Claire Dwyer PO ’20
Sept. 26, Vol. XXIX, Issue 1
When I started my first year of college, I never really bought dorm decorations. It just
seemed a bit silly to me. I very much enjoyed seeing the little havens everyone else made for
themselves: I found the coordination impressive, the perfectly placed stuffed animals charming,
the strings of pictures on the wall to contain just the appropriate amount of nostalgia. But here
I am, a senior, still never having even made the smallest attempt to make my room look like
anything remotely “cool.” Of course, paintings of medieval saints slaying dragons are cool to
me, as is my little bandana that says Pomona College from that one time I volunteered on an
admitted students’ day. So are the scattered random post cards that are pasted in various
places on the wall, the medieval Iberian camel painting, the Pomona calendar with all my
appointments and homework furiously scribbled all over it in my mostly illegible handwriting. I
suppose the part of my current dorm “decorations” of which I am most proud is the sizable
percentage of the books I managed to transport from home. It looks like a messy little library.
My room, in all its chaos, makes me proud every time I set foot inside it. I have worked
hard to get to where I am today. I’ve learned a few languages since starting college. I am in the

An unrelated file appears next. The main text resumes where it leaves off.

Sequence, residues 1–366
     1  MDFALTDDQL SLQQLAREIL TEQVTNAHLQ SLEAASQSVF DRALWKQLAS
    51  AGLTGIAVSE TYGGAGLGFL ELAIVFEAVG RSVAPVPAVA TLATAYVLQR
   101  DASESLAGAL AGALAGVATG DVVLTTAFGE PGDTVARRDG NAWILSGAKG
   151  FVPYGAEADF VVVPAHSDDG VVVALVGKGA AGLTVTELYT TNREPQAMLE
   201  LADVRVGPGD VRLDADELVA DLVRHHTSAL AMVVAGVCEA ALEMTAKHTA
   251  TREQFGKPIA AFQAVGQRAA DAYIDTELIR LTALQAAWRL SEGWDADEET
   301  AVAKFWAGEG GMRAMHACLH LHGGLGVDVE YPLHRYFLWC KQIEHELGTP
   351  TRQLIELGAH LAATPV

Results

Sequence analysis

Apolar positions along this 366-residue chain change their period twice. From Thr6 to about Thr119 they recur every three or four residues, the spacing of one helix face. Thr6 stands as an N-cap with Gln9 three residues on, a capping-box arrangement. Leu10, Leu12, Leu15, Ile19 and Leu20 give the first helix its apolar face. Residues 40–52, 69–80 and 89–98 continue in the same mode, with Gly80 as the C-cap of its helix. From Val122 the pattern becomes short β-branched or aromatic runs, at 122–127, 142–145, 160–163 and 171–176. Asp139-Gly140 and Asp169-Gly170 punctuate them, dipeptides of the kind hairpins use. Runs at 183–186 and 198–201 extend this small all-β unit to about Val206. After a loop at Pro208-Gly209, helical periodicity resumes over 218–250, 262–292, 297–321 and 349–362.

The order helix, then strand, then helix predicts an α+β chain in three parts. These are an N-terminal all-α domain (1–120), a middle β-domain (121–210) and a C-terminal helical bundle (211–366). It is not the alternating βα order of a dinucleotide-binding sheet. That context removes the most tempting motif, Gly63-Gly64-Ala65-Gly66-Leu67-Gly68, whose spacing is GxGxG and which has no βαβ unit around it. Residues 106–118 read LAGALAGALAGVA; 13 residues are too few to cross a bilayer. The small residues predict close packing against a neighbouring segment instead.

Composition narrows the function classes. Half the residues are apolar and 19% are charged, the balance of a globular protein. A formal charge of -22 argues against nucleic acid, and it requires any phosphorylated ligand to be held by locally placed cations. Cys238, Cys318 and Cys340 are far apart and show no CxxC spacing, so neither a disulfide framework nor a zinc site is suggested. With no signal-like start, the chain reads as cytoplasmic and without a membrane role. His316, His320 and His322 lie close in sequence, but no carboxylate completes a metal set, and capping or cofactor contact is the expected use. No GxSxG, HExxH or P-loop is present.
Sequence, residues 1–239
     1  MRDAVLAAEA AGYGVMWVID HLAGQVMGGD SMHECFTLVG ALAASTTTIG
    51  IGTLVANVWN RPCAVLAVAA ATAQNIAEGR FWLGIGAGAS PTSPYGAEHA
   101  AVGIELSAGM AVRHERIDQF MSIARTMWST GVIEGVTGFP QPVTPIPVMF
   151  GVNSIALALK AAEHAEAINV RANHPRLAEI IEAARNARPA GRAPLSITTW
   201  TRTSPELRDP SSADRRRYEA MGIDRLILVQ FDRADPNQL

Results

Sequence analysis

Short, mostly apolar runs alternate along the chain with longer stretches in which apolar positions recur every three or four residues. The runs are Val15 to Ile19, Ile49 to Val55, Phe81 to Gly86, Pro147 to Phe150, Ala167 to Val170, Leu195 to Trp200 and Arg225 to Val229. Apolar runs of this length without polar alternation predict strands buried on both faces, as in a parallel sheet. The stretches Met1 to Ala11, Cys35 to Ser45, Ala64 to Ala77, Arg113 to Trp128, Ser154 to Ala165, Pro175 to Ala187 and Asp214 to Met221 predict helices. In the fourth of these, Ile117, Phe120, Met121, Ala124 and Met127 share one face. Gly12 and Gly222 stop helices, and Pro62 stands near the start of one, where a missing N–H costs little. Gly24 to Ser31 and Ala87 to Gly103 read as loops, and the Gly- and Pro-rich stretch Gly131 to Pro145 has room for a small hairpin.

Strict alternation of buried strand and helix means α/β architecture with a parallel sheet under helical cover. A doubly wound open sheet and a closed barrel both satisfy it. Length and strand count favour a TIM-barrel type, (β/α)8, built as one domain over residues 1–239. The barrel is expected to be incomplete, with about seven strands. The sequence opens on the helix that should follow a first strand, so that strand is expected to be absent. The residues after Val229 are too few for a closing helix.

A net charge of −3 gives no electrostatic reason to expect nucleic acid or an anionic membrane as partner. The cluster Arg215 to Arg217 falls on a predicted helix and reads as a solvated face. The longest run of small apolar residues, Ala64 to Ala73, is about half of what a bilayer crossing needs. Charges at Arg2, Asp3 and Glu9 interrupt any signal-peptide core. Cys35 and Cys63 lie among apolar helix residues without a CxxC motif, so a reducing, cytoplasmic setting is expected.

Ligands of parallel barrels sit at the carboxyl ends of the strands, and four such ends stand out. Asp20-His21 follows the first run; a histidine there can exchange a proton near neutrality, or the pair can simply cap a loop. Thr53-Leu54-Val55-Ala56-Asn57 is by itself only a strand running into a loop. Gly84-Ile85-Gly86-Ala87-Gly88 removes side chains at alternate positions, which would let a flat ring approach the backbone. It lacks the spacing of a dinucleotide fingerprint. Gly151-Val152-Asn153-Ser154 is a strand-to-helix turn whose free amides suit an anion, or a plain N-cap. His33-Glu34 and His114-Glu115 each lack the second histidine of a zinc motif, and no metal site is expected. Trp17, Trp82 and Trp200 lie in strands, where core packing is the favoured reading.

process of applying to graduate school in medieval history. I have thrown myself into my work.
And sometimes, there’s a half-eaten bag of chips still on the ground when I get back from class.
In my first years of college, that sort of thing would have made me feel bad. Why is my room so
messy when all of my friends have perfect strings of lights across their windows, large
tapestries and a kind of magical ability to keep their rooms always smelling nice? I questioned
myself about it a lot until I realized—potato chips on the ground? You can be proud of them.
They symbolize the fact that you motivated yourself to go above and beyond in finishing your
work last night…and you did! They symbolize the strength that you embody every day, in
studying, in working hard, in showing up to class and managing to never take yourself too
We as students can take joy in our mess. We do not always have dorm rooms that look
as Pottery Barn intended–for whatever reason, whatever challenge we are facing in our lives
that makes keeping a perfect room an insurmountable difficulty. We are not all Good
Housekeeping ready. And that’s okay.
Image Credit: The Daily Illini